Rheumatic diseases (RDs) represent a global problem for health care systems and patients. Community Oriented Program for Control of Rheumatic Diseases (COPCORD) is a low-cost screening tool for detecting musculoskeletal (MSK) pain and RDs.
The aim of this study was to examine the pattern of MSK pain and RDs in clinic population in Chihuahua City, Mexico.
A cross-sectional study was conducted in 7 primary health clinics using the COPCORD methodology in subjects older than 18 years. People with MSK pain not induced by trauma (positive cases) were evaluated by primary care physicians and rheumatologists.
The study included 1006 individuals with a mean age of 46.0 (SD, 15.8) years; 751 (74.7%) were women. Musculoskeletal pain in the previous 7 days was reported by 571 individuals (56.75%; 95% confidence interval [CI], 53.8%–60.1%), and 356 cases (35.4%; 95% CI, 32.5%–38.4%) were COPCORD positive. The mean pain intensity in visual analog scale was 6.62 (SD, 2.4). The most common painful joint was the knee (54.7%; 95% CI, 51.1%–59.0%). Two hundred eighty subjects with MSK pain (49.0%) previously sought medical attention, and 375 (65.7%) were under treatment. Functional impairment was reported by 69.8% of the COPCORD-positive subjects. The prevalence of RDs was 21.4% (95% CI, 18.9%–23.8%). The most prevalent disease was osteoarthritis (10.3%; 95% CI, 8.6%–12.4%), followed by regional pain syndromes (5.5%; 95% CI, 4.1%–7.0%), rheumatoid arthritis (1.4%; 95% CI, 0.8%–2.2%), and mechanical low-back pain (1.4%; 95% CI, 0.7%–2.2%).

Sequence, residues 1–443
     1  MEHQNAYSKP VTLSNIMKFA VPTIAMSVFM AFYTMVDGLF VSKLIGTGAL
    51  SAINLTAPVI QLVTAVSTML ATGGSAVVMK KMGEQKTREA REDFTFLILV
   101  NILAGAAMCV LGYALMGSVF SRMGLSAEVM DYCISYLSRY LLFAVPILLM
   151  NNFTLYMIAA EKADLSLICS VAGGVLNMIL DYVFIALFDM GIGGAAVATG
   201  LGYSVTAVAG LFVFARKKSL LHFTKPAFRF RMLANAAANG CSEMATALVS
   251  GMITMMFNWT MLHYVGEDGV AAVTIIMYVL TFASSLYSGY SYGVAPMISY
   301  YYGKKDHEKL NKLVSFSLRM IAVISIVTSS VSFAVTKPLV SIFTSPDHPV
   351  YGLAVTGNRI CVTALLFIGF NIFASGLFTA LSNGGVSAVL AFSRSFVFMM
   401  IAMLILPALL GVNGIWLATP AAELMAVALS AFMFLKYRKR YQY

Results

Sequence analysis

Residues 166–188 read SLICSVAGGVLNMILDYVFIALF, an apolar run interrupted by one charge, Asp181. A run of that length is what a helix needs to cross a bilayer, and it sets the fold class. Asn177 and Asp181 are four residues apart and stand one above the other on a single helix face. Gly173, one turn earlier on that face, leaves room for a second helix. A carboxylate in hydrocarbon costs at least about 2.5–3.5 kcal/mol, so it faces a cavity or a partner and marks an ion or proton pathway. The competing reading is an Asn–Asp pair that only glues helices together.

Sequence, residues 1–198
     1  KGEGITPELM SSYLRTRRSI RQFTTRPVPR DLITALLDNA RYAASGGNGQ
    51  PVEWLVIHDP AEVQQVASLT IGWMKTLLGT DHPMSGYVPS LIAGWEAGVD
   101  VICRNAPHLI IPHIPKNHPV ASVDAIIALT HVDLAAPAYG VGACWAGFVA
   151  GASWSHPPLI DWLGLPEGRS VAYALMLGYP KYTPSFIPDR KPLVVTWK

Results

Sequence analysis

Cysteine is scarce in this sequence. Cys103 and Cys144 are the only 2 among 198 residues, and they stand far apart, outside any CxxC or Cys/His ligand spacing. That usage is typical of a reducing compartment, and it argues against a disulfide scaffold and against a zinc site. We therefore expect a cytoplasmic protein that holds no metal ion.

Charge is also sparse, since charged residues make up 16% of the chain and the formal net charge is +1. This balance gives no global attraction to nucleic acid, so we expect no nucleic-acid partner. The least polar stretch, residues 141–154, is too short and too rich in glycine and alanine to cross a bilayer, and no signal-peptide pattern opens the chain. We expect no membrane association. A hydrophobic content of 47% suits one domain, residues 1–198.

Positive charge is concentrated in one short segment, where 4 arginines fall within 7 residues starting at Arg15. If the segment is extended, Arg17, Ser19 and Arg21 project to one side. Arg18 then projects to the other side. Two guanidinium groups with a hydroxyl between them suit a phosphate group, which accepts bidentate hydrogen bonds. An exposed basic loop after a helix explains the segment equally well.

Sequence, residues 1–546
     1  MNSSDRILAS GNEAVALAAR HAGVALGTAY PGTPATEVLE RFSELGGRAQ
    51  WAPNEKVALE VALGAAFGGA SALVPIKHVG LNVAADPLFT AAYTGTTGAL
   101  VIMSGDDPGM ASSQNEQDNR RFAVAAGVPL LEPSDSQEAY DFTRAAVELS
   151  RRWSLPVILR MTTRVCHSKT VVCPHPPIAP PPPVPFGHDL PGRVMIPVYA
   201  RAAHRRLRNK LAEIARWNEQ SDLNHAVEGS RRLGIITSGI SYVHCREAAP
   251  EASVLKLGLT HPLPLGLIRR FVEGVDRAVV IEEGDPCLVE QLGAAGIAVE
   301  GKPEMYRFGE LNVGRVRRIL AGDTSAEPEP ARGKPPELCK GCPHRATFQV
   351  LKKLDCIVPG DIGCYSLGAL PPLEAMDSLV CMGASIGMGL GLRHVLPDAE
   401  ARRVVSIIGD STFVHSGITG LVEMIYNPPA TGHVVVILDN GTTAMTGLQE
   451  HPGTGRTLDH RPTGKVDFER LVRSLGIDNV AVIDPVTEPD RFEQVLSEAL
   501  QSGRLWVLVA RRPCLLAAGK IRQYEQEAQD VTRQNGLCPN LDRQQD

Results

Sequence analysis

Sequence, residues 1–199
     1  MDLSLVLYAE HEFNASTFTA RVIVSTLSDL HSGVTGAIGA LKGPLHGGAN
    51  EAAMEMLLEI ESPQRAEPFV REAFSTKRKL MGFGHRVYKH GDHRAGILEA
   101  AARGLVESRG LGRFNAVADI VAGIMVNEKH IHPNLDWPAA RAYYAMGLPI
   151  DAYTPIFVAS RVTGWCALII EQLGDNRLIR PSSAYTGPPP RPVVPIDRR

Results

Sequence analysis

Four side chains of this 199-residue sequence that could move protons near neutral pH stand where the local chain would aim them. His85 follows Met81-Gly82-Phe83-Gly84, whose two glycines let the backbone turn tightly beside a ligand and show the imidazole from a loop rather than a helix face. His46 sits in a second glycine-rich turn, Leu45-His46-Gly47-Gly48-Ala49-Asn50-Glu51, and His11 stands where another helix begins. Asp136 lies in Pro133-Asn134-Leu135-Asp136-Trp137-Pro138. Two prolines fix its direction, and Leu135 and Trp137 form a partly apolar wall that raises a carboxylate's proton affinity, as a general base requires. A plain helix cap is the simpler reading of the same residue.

Musculoskeletal pain is an important problem that affects our community. The data provided in this study will be presented to the local authorities to help in the development of prevention strategies.